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Publication numberUS6326911 B1
Publication typeGrant
Application numberUS 09/186,559
Publication dateDec 4, 2001
Filing dateNov 5, 1998
Priority dateNov 19, 1997
Fee statusPaid
Publication number09186559, 186559, US 6326911 B1, US 6326911B1, US-B1-6326911, US6326911 B1, US6326911B1
InventorsGabriel J. Gomez, Jenn-yu G. Lin
Original AssigneeTexas Instruments Incorporated
Export CitationBiBTeX, EndNote, RefMan
External Links: USPTO, USPTO Assignment, Espacenet
Method and apparatus for dithering idle channel tones in delta-sigma analog-to-digital converters
US 6326911 B1
A method and apparatus for dithering idle channel tones in delta-sigma converters is provided. In a delta-sigma modulator (10), random dither signal (23) is added before quantizing a signal in order to attenuate the idle channel tones. A random number generator (50) coupled to a digital-to-analog converter (52) with an applied biasing current (54) produces the dither signal (23). The dither signal (23) combines with an input signal at the input of a quantizer (14) in order to randomly change the quantizer output (15) and attenuate idle channel tones.
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What is claimed is:
1. A system for attenuating idle channel tones in a delta-sigma analog-to-digital converter comprising:
a delta-sigma analog-to-digital converter comprising:
a sampler operable to receive an analog signal and process it into discrete segments, the sampler having an input and output;
an analog delta-sigma modulator comprising:
at least one integrators operable, having an input and an output and operable to process the analog signal from the output of the sampler;
a quantizer having an input and an output and operable to quantize the output of the integrator;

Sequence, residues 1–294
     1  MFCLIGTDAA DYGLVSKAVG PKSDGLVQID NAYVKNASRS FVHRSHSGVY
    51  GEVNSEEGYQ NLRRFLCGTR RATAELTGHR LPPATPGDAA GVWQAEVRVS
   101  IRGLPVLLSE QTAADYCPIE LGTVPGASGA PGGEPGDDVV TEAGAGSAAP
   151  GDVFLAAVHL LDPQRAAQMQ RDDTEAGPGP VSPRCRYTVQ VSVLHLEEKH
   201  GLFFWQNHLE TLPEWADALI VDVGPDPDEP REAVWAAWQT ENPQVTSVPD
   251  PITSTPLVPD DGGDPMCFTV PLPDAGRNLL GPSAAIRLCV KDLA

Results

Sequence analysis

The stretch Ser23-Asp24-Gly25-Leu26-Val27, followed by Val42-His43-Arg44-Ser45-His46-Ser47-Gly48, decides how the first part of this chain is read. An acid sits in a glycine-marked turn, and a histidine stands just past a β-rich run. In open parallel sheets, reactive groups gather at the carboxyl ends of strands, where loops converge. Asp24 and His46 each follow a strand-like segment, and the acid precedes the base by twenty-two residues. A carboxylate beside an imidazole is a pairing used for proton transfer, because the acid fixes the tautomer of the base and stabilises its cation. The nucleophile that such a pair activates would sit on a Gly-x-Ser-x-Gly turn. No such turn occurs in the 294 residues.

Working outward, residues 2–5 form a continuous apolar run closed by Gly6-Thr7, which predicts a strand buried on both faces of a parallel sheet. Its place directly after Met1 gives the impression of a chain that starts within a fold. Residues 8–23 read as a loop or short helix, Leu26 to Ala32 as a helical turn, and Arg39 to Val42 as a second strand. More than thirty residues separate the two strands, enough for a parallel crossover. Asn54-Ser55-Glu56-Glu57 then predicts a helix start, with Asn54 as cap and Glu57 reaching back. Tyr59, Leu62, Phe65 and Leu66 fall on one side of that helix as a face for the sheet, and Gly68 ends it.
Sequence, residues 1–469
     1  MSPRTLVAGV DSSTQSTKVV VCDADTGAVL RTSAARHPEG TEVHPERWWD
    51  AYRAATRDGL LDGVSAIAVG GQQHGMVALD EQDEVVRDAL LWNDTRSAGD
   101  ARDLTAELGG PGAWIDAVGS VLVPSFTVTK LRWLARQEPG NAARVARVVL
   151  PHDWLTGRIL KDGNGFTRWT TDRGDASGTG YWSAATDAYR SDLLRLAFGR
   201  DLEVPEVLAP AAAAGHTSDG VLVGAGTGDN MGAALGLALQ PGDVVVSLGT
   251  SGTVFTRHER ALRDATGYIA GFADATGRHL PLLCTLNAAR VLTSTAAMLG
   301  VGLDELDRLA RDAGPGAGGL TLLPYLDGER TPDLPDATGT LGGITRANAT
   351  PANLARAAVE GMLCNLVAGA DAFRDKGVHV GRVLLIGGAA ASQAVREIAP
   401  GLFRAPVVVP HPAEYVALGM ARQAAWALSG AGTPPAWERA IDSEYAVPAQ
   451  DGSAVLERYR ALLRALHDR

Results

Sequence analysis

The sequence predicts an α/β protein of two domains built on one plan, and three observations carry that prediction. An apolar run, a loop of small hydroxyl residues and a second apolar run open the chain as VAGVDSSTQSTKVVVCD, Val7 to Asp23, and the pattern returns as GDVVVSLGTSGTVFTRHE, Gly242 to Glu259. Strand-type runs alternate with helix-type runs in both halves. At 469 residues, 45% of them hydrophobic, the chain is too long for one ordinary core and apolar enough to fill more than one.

a dither current generator coupled before the input of the quantizer and comprising:
a random number generator operable to generate a random digital number;
a digital-to-analog converter coupled to the random number generator and operable to convert a random digital number into a dither current; and
wherein the dither current produced by the dither current generator randomly changes the output of the quantizer such that idle channel tones are attenuated.
2. The system of claim 1, wherein the delta-sigma modulator is a multi-stage modulator and the dither current is added before one of the quantizers.
3. The system of claim 2, wherein the dither current is added before more than one of the quantizers.
4. The system of claim 1, wherein the magnitude of the dither current is proportional to a biasing current applied to the digital-to-analog converter.
5. The system of claim 4, wherein the biasing current is about 20 μA.
6. The system of claim 1, wherein the random number generator is a twenty-bit random number generator and wherein the three least significant bits are used.
7. The system of claim 1, wherein the quantizer is a clocked current comparator.
8. The system of claim 1, wherein the sampler and the integrator are a single unit.

This application claims priority under 35 USC §119 (e) (1) of provisional application No. 60/066,652, filed Nov. 19, 1997.


This invention relates to the field of analog-to-digital converters and more specifically to a method and apparatus for dithering idle channel tones in delta-sigma analog-to-digital converters.


For many applications, it is necessary to convert a continuous analog signal into a digital signal so that the digital signal can be processed in the digital domain. One area of particular importance for this treatment is in the area of digital signal processing.

An analog-to-digital converter is a device which converts a continuous range of analog signals into digital signals. The major factors that determine the quality of an analog-to-digital converter are resolution, sampling rate, and speed.

Resolution in an analog-to-digital converter is the smallest change in voltage that an analog-to-digital converter can detect and that can produce a change in the digital signal. The resolution determines the total number of digital codes or quantization levels that the converter can produce.